The tale of supernatural horror provides an interesting field. THE OLDEST and strongest emotion of mankind is fear, and the oldest and strongest kind of fear is fear of the unknown. It is the literature of cosmic fear in its purest sense. There is here involved a psychological pattern or tradition as real and as deeply grounded in mental experience as any other pattern or tradition of mankind.
A certain atmosphere of breathless and unexplainable dread of outer, unknown forces must be present; and there must be a hint, expressed with a seriousness and portentousness becoming its subject, of that most terrible conception of the human brain. The more completely and unifiedly a story conveys this atmosphere the better it is as a work of art in the given medium.
- The appeal of the spectrally macabre is generally narrow
- It demands from the reader a certain degree of imagination and a capacity for detachment from everyday life.
- Atmosphere is the all-important thing
Why is Supernatural Horror Effective
The thrill of the chimney-corner whisper or the lonely wood invades an obscure corner of the very hardest head; so that no amount of rationalization, reform, or Freudian analysis can quite annul the thrill.
This tendency, too, is naturally enhanced by the fact that uncertainty and danger are always closely allied; thus making any kind of an unknown world a world of peril and evil possibilities. When to this sense of fear and evil the inevitable fascination of wonder and curiosity is superadded, there is born a composite body of keen emotion and imaginative provocation.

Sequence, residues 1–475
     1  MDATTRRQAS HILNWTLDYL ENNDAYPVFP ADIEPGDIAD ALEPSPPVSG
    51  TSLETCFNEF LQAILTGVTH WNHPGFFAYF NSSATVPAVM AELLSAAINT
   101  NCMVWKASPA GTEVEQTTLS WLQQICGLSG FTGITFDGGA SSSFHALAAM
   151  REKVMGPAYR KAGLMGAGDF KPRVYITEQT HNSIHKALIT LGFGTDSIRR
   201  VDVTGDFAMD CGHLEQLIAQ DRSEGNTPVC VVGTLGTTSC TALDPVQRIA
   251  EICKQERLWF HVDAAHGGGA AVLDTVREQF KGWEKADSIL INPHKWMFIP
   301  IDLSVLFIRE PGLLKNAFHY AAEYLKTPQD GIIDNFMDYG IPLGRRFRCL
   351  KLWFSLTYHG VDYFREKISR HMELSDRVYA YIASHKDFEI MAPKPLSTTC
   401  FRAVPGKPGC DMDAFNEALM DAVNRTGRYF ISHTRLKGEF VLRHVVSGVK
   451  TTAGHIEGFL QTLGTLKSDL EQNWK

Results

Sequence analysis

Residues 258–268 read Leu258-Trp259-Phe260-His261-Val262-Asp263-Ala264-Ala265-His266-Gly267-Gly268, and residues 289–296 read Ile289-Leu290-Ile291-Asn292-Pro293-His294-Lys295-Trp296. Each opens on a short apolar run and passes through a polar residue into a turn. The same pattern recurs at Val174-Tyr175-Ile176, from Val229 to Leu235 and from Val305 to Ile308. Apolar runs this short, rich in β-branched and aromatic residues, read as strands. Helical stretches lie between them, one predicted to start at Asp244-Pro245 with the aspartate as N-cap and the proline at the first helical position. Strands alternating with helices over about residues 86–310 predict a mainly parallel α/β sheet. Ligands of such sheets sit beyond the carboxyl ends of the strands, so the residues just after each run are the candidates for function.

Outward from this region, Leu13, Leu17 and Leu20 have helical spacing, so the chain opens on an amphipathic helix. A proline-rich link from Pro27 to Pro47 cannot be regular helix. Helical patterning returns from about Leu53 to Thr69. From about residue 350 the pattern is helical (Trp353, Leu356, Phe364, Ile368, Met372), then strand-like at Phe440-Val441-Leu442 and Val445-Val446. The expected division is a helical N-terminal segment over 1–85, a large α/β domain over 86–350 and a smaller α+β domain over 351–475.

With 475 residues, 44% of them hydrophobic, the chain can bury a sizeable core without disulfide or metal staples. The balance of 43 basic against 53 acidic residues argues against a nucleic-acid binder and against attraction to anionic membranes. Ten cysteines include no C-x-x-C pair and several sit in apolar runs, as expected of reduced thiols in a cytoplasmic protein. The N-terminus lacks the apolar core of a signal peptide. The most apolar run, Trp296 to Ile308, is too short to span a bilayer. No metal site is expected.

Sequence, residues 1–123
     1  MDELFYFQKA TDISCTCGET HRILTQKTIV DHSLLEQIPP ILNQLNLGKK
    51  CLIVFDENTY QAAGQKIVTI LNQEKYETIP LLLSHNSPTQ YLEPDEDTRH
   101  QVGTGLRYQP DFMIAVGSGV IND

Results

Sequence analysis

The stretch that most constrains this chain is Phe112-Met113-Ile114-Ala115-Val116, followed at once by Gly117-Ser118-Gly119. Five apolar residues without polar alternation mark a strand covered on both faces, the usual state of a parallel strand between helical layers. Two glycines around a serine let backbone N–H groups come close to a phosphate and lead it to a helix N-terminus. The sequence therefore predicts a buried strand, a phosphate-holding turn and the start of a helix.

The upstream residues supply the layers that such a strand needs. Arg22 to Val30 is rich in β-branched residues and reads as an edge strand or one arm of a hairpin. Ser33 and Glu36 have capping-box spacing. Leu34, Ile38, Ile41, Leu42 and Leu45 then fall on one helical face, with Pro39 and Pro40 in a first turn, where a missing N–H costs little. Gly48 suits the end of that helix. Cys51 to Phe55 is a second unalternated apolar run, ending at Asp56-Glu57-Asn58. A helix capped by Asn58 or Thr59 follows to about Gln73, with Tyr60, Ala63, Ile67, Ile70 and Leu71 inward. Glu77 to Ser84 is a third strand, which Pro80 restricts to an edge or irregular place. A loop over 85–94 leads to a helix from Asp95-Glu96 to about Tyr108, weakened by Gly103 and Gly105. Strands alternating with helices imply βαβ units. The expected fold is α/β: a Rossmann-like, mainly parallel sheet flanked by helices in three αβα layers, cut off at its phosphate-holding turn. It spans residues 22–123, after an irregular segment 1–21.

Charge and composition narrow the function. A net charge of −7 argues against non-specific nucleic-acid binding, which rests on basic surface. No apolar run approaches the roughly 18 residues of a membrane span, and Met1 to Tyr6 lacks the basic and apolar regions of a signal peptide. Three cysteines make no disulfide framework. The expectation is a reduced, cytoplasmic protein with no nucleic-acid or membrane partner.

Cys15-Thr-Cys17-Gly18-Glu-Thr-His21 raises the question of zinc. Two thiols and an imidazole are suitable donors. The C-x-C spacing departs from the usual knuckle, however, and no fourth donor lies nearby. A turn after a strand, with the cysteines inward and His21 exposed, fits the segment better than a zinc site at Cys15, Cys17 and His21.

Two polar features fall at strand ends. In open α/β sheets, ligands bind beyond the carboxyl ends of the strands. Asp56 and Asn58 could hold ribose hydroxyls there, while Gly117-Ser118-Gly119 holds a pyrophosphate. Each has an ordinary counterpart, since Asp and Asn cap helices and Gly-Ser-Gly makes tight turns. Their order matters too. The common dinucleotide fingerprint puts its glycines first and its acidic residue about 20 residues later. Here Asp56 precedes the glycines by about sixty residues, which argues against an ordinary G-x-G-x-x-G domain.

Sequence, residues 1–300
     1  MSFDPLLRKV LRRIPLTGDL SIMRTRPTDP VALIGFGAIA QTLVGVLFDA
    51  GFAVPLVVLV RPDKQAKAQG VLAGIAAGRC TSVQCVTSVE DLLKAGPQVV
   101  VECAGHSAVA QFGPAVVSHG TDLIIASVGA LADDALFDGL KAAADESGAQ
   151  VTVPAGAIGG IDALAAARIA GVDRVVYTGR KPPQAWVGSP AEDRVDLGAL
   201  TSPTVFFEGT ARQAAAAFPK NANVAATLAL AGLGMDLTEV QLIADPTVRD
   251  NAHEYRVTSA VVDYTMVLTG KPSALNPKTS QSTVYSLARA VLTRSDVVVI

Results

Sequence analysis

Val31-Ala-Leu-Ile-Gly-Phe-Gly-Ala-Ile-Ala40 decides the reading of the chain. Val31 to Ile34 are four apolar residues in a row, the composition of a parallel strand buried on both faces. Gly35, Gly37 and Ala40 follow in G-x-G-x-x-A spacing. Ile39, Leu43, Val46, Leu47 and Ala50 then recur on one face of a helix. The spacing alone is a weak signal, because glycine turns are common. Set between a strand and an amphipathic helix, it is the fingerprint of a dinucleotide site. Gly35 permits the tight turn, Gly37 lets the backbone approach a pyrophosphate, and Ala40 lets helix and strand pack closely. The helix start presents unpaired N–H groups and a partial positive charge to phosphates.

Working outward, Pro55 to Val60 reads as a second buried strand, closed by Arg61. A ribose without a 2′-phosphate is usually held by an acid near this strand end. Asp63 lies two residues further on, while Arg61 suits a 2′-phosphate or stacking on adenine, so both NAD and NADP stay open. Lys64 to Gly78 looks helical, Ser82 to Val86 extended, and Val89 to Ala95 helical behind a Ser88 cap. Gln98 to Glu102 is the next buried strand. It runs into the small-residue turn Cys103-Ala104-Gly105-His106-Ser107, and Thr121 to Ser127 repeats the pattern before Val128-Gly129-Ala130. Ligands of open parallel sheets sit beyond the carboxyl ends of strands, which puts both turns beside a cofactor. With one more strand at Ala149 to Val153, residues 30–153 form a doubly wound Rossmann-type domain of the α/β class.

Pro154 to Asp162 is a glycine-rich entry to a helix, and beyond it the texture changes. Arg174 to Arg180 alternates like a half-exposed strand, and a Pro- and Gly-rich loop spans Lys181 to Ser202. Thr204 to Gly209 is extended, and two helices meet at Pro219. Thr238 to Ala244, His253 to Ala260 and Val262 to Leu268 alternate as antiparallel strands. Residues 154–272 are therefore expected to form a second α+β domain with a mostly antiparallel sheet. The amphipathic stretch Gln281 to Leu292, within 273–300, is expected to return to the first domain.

Supernatural Horror Plays with
- fear of the unknown
- the sensitive
- curious streak of fancy
- more maleficent side of cosmic mystery
- A certain atmosphere of breathless and unexplainable dread
What Supernatural Horror is Not.
The literature of mere physical fear and the mundanely gruesome. This type externally similar but psychologically widely different. The true tale has something more than secret murder, bloody bones, or a sheeted form clanking chains.
Such writing, to be sure, has its place, as has the conventional or even whimsical or humorous ghost story where formalism or the author's knowing wink removes the true sense of the morbidly unnatural. These things are not the literature of cosmic fear in its purest sense.
For more read Supernatural Horror in Literature by H. P. Lovecraft
[reus name="lovecraft books"]